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This is the official website for the Los Angeles County Beekeepers Association established in 1873.



Bare Bees:
Bill's Bees
Holly Hawk 626-807-0572
The Valley Hive 


Welcome to the Los Angeles County Beekeepers Association!

For over 130 years the Los Angeles County Beekeepers Association has been serving the Los Angeles Beekeeping Community. Our group membership is composed of commercial and small scale beekeepers, bee hobbyists, and bee enthusiasts. So whether you came upon our site by design or just 'happened' to find us - welcome! Our primary purpose is the care and welfare of the honeybee. We achieve this through education of ourselves and the general public, supporting honeybee research, and practicing responsible beekeeping in an urban environment. 

"The bee is more honored than other animals, not because she labors, but because she labors for others."  Saint John Chrysostom 

Next LACBA Meeting:
Monday, August 6, 2018. General Meeting: 7PM. Open Board Meeting: 6:30PM.  

Next LACBA Beekeeping Class 101:
Sunday, July 15, 2018, 9AM-Noon at The Valley Hive. BEE SUITS REQUIRED!

Check out our Facebook page for lots of info and updates on bees; and please remember to LIKE US: 



Bee Pollen Supplements Can Cause Anaphlylactic Reactions

From: The American Bee Journal Extra  May 22, 2012

Although many people take bee pollen as a health supplement, it can cause severe anaphylactic reactions. However, most people are unaware of the risks, states an article published in CMAJ (Canadian Medical Association Journal).

A case study in the journal illuminates the possible hazards of ingesting bee pollen. A 30-year-old woman with seasonal allergies but no history of allergies to food, drugs, insects or latex had an anaphylactic reaction after taking bee pollen. She had swelling of the eyelids, lips and throat, difficulty swallowing, hives and other life-threatening symptoms. After emergency treatment and discontinuation of the bee pollen supplements, there were no further reactions.

"Anaphylaxis associated with the consumption of bee pollen has been reported in the literature, but many people remain unaware of this potential hazard," write Dr. Amanda Jagdis, University of British Columbia, and Dr. Gordon Sussman, St. Michael's Hospital and the University of Toronto.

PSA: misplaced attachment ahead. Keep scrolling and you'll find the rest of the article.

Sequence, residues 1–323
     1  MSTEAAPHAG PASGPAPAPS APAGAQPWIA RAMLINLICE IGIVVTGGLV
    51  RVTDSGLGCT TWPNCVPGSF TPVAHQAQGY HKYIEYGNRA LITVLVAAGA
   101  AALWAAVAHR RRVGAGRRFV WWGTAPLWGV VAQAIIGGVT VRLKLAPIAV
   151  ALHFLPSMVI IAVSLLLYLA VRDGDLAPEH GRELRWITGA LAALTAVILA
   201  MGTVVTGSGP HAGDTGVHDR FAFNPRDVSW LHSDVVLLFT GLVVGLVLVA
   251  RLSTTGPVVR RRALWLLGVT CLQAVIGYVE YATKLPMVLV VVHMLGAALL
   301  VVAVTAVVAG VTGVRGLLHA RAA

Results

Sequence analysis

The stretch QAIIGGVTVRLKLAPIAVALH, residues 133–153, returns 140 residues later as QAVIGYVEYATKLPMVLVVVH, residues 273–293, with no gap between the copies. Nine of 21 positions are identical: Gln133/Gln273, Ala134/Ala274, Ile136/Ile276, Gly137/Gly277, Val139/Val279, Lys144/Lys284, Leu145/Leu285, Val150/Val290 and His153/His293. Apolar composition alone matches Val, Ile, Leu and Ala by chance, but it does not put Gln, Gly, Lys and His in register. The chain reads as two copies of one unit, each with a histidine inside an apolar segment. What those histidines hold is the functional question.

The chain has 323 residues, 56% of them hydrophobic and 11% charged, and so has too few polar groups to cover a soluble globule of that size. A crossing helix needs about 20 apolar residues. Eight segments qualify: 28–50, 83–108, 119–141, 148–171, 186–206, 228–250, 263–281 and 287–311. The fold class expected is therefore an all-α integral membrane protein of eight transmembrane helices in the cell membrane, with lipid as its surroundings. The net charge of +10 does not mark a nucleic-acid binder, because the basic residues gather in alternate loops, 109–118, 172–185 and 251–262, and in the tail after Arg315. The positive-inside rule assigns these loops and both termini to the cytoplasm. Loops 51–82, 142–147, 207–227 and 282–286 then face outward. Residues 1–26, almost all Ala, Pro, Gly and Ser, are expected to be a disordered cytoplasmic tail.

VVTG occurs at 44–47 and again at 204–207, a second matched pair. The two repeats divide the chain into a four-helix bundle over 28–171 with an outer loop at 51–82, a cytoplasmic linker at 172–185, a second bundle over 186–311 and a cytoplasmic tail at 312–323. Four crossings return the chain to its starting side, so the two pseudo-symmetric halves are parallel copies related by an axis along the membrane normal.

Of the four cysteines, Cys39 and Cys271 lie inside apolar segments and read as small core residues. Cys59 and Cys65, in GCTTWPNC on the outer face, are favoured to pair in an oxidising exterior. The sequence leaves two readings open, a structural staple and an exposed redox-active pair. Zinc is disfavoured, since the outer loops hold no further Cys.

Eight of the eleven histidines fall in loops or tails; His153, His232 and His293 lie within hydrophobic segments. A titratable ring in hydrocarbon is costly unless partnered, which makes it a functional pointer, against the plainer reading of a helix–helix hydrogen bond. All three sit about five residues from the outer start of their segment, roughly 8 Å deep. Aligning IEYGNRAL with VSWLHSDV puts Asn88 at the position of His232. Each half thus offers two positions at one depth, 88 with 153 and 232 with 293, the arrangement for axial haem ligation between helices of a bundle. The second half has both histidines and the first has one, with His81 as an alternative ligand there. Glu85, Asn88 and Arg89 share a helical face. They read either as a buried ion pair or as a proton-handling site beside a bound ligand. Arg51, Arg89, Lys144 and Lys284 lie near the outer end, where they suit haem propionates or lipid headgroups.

Anaphylactic reactions after ingesting bee pollen have been reported in people with no history of allergies or only seasonal allergies. In a Greek study in which atopic participants underwent skin tests for reactions to bee pollen, 73% (of 145 patients) had positive skin test reactions to one or more types of bee pollen extracts.

"Health care providers should be aware of the potential for reaction, and patients with pollen allergy should be advised of the potential risk when consuming these products — it is not known who will have an allergic reaction upon ingesting bee pollen," conclude the authors.

(The above posted with permission from the American Bee Journal.) 

Click here  to see a digital sample of the American Bee Journal.

To subscribe to the American Bee Journal click here and choose digital or the printed version.


An Uncommon Bee

By Kathy Keatley Garvey (Bug Squad-Happenings in the insect world) May 21, 2012 

Sometimes you get lucky.

While watching floral visitors foraging last week in our rock purslane (Calandrinia grandiflora), we noticed a tiny black bee, something we'd never seen before.

Native pollinator specialist Robbin Thorp, emeritus professor of entomology at the UC Davis Department of Entomology, identified it as a female leafcutting bee, Megachile gemula, "which has an all-black...

Photo by: Kathy Keatley Garvey

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A Time Sensitive Survey on Bees and Pesticides- Your Input is Vital!

(Note: We originally posted a request to participate in this Survey on April 26th. This is additional information on the Survey. If you have not taken the Survey, please consider doing so. Thank you!") Link to Survey: Link to Website:

Dear Mr. Steese and Members of the Los Angeles County Beekeepers Association,

My name is Sandra Bustos, I am research assistant at Pesticide
Research Institute and we are working with beekeepers from around the
country to look at some of the effects of pesticides on beehive
health. At the moment, we are looking at the immediate effects that